Hello, I'm in the same boat as Funny-about-munny and would really apprecaiate some help and advice. I took out my forst mortgage with the Halifax in Dec 2004. I just remortgaged (to Nationwide) in Jan 2007. I noticed that on my final Halifax statement it says "Repayment Admin Fee = £175.00". I don't have the original Halifax document which states what the repayment charge would be. Does anyone know if I can claim anything back and if so what is the best way to do it?
    Thank you very much in advance. Your help would be greatly appreciated.
  • PHOEBE_2PHOEBE_2 Forumite
    12 posts
    Wendy thanks for
    your help. sorry about all the messges but not sure how the site works?

    Thanks anyway - very helpful
    PHOEBE
  • MarkyMarkDMarkyMarkD Forumite
    9.9K posts
    Part of the Furniture 1,000 Posts Combo Breaker
    ✭✭✭✭
    I have to disagree with this section in the updated article:
    MSE_Martin wrote:
    It's arguable that MEAF fees aren't justified, much like with reclaiming bank charges the basic concept is that under UK contract law, you can't fine someone for breaking a contract, you can only charge them an amount proportionate to the cost of the breach.

    The actual administration cost to a mortgage lender of closing down a mortgage isn't thought to be much more than £50 so it's arguable that you needn't pay more than £50, regardless of what your contract says. Therefore writing to your lender, asking it to justify the charges with a full breakdown, and if it refuses asking for a full refund, can work.

    If you want to adopt this more militant approach then the following template letter should help, though if your lender refuses you may then need to threaten small claims court action.
    There is absolutely no logic in this "arguable" position.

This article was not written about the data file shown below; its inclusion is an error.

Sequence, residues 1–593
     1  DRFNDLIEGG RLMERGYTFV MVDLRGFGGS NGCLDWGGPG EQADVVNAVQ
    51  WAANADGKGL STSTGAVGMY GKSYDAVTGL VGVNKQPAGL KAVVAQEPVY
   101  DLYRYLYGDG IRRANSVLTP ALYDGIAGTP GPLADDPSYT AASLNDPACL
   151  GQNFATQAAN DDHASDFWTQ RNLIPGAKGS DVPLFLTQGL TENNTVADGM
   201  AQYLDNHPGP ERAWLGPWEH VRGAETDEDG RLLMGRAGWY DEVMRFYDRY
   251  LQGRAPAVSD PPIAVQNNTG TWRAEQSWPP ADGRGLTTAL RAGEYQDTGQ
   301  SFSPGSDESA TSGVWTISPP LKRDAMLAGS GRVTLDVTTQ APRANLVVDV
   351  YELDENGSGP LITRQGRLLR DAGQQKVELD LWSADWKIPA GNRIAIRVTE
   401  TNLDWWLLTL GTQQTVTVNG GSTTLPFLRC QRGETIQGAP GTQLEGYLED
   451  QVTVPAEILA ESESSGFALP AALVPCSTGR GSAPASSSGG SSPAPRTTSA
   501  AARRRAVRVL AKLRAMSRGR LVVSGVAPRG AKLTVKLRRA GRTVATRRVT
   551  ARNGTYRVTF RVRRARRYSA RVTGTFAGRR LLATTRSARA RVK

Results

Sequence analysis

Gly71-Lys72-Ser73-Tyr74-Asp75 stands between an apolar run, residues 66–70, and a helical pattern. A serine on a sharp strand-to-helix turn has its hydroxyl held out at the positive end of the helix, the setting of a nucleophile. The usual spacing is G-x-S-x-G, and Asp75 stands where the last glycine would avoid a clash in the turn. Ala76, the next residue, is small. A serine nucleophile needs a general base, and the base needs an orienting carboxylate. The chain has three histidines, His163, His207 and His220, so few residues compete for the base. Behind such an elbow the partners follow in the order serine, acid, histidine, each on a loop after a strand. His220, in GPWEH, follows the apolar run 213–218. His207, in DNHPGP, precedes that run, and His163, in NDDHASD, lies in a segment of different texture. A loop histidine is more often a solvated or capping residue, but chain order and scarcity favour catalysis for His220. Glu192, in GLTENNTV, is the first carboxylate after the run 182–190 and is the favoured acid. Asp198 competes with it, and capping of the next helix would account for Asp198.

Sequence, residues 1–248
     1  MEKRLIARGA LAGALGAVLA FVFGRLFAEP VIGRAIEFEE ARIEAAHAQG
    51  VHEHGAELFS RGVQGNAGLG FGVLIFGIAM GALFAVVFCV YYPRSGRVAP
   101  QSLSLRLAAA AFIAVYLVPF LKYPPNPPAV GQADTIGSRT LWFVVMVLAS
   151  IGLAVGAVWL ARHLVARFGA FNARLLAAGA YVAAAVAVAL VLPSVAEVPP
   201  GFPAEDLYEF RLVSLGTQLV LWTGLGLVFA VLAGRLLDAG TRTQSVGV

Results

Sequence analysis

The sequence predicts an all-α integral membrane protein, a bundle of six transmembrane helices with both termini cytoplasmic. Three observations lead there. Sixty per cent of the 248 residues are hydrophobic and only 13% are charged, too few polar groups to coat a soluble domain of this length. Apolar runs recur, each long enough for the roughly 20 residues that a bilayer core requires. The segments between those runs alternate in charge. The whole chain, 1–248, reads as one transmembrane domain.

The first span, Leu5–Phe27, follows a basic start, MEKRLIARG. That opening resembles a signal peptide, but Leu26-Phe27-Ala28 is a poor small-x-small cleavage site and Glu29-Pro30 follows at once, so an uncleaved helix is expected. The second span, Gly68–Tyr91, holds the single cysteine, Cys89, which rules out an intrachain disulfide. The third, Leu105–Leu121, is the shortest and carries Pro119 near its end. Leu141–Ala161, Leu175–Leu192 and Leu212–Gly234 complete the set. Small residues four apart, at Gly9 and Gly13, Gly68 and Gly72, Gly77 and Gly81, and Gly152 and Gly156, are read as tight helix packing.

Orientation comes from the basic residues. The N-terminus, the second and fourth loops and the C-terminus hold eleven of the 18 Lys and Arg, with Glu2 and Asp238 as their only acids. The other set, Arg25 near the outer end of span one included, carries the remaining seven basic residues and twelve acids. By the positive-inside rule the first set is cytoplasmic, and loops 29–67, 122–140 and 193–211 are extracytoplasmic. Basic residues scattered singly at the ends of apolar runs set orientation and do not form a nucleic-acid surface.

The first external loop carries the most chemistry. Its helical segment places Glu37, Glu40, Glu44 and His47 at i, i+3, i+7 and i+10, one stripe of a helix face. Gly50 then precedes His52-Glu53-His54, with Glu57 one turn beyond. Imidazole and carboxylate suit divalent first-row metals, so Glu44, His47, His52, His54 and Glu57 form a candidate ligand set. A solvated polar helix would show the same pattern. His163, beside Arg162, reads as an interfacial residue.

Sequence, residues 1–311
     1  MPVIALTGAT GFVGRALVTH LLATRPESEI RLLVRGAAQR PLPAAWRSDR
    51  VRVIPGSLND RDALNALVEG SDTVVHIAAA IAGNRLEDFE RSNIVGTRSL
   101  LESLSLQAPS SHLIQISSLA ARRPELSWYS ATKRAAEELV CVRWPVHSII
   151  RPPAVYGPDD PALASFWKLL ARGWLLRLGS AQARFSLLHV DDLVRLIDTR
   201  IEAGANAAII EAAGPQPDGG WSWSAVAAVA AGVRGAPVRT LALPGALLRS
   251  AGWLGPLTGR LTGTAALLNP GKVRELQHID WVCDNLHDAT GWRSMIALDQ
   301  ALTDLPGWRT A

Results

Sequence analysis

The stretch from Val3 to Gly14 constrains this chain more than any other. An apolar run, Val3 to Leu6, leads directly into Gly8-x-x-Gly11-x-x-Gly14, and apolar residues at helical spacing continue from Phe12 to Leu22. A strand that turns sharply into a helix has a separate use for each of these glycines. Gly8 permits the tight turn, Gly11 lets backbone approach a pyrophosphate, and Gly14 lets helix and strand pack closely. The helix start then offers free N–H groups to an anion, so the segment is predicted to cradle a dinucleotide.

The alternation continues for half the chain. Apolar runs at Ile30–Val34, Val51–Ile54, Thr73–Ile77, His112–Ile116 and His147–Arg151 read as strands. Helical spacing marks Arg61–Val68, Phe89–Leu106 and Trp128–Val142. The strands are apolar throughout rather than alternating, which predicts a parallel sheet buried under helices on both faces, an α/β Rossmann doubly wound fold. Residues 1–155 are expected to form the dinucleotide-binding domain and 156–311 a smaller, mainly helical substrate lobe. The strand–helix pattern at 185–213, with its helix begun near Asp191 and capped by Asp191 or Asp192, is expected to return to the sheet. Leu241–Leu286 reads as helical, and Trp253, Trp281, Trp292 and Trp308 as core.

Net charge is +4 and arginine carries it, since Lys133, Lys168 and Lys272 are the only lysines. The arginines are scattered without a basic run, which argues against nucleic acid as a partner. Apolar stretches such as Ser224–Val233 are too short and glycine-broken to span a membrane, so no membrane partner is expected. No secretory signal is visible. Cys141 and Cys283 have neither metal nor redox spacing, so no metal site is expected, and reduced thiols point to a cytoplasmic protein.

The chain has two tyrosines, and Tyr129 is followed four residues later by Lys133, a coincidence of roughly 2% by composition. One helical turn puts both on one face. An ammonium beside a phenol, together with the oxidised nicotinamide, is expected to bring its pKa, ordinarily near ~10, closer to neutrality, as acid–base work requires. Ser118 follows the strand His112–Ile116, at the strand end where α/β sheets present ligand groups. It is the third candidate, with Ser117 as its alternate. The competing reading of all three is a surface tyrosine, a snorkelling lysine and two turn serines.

Redeeming your mortgage is NOT a breach of contract. It is an option for every mortgage borrower to redeem their mortgage at any point in time. The fact that there is an exit fee associated with the end of the contract doesn't make it a penalty - it's a payment that is only due at the end of the contract.

    Therefore the unfair penalty charges angle is completely irrelevant.

    The fact that some people have "succeeded" by threatening small claims court cases using this "angle" doesn't prove anything other than the fact that the cost of defending the cases (which the lenders would definitely win) is uneconomic. It isn't moral, IMHO, to take people (or companies) to court to recover amounts of money which you are not entitled to, just because the third party is economically likely to cave in.
  • smigger15smigger15 Forumite
    38 posts
    MSE_Martin wrote:
    This discussion relates to Martin's updated
    Mortgage Fees Article
    (see old discussion thread here)

    To discuss or ask a question about the article: click reply

    To report your experiences go to the Mortgage Exit Fees successes and failures thread


    Extra Note - We have had lots of comments about what is and isn't included as a MEAF. The article has been updated to include the following text:

    What a MEAF isn't.... don't get it confused

    This is a strict ruling and only applies to exit fees. Application fees and others that are paid when originally getting the mortgage aren't included.

    Also while MEAFs sound similar to ‘early repayment fees', commonly known as 'redemption penalties' again they're not the same thing. Early repayment fees are charged if you repay or switch mortgage during a special deal, such as a fixed or discount rate (see the Mortgage Guide / Remortgage Guide for details) whereas exit fees apply at all times.

    For full details, see the Mortgage Fees Reclaiming article.


    I rang Abbey National and they send out a standard form to fill in with your dets on and return it. Only one sheet so relatively easy. I'll post if i hear anything.;)
  • boroleeborolee Forumite
    5 posts
    I arranged a mortgage in June 05 with BIM, and had the contract stated a release fee of 195. When i remortgaged last year i was indeed charged 195. Can i still claim back any fees as i still think this fee is high for the work involved??

    Thanks
  • boroleeborolee Forumite
    5 posts
    When i arranged my mortgage, the fee quoted was 195, and this is what i was charged when i remortgaged. However, I still feel that this charge is not reflective of the costs incurred, and when i have written to the bank, they say they will not refund, as i sighned up for this fee.

    What else can i do???
This discussion has been closed.